A macular hole is a small hole that develops in the center of the retina (macula). Because the macula is responsible for critical vision including reading, driving, and watching television, patients with a macular hole will notice that the center of their vision may be distorted or reduced while their peripheral vision is spared. Your doctor will often be able to diagnose the hole with a careful dilated examination. Often, additional testing with either a fluorescein angiogram or OCT may be obtained to better assess the size and chronicity of the hole.
Macular holes usually develop in otherwise healthy individuals as they get older. Holes will rarely close on their own. Typically when left untreated, the holes tend to get larger with resulting worsening central vision.
The only treatment available to close the hole is with vitrectomy surgery. A gas bubble is placed inside the eye to help push the hole closed. Because a gas bubble in the eye will always rise to the top (like bubbles rising to the surface when scuba diving), and because the macular hole is always directly in the back of the eye, patients are instructed to remain face down for several days to weeks after the operation. By remaining face down, it positions the bubble directly on the macular hole to help it close. The bubble gradually is replaced by the patient’s own tears, and the vision will slowly return. Rarely, silicone oil is used instead of a gas bubble.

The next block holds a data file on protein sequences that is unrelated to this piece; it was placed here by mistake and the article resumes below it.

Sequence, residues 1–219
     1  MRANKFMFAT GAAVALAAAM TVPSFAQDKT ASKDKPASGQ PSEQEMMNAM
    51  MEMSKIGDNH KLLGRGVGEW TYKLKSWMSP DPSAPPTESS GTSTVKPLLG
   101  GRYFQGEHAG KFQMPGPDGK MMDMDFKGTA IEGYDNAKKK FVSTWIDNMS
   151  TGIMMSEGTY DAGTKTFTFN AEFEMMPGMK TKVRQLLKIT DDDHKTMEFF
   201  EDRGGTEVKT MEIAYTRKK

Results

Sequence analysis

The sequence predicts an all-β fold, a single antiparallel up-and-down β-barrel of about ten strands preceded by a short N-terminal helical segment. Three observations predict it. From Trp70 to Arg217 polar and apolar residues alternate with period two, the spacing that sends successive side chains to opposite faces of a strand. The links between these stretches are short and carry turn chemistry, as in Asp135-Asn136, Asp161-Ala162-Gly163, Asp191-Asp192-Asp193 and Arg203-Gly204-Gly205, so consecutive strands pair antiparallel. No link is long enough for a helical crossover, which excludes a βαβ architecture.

The success rate for hole closure is over 90%. Most patients will experience an improvement in vision after the macular hole has closed. The distortion and blurred vision will likely improve, although it will never disappear altogether.
RCH participated in a national surgery study which helped study the surgical technique that is used today to treat this retinal condition. Macular holes have seen for over 100 years, and it has gone from a once untreatable condition to a condition that is treatable with surgery!
OCT Scan of Macular Hole